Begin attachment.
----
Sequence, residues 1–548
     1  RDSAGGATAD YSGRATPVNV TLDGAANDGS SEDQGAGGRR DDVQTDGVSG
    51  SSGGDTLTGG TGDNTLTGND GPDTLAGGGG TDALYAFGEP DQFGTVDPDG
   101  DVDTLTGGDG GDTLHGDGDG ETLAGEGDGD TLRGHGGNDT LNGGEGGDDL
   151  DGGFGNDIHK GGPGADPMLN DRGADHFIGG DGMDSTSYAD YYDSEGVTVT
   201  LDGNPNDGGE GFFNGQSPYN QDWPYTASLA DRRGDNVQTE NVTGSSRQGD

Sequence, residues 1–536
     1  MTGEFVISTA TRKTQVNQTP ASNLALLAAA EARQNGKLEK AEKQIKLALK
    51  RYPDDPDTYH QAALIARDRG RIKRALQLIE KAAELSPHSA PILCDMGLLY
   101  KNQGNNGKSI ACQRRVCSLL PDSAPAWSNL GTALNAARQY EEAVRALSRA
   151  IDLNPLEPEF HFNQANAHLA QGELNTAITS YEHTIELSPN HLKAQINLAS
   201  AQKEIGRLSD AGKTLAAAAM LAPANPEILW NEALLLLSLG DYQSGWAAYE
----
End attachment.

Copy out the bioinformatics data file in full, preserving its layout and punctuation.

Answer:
Sequence, residues 1–548
     1  RDSAGGATAD YSGRATPVNV TLDGAANDGS SEDQGAGGRR DDVQTDGVSG
    51  SSGGDTLTGG TGDNTLTGND GPDTLAGGGG TDALYAFGEP DQFGTVDPDG
   101  DVDTLTGGDG GDTLHGDGDG ETLAGEGDGD TLRGHGGNDT LNGGEGGDDL
   151  DGGFGNDIHK GGPGADPMLN DRGADHFIGG DGMDSTSYAD YYDSEGVTVT
   201  LDGNPNDGGE GFFNGQSPYN QDWPYTASLA DRRGDNVQTE NVTGSSRQGD

Sequence, residues 1–536
     1  MTGEFVISTA TRKTQVNQTP ASNLALLAAA EARQNGKLEK AEKQIKLALK
    51  RYPDDPDTYH QAALIARDRG RIKRALQLIE KAAELSPHSA PILCDMGLLY
   101  KNQGNNGKSI ACQRRVCSLL PDSAPAWSNL GTALNAARQY EEAVRALSRA
   151  IDLNPLEPEF HFNQANAHLA QGELNTAITS YEHTIELSPN HLKAQINLAS
   201  AQKEIGRLSD AGKTLAAAAM LAPANPEILW NEALLLLSLG DYQSGWAAYE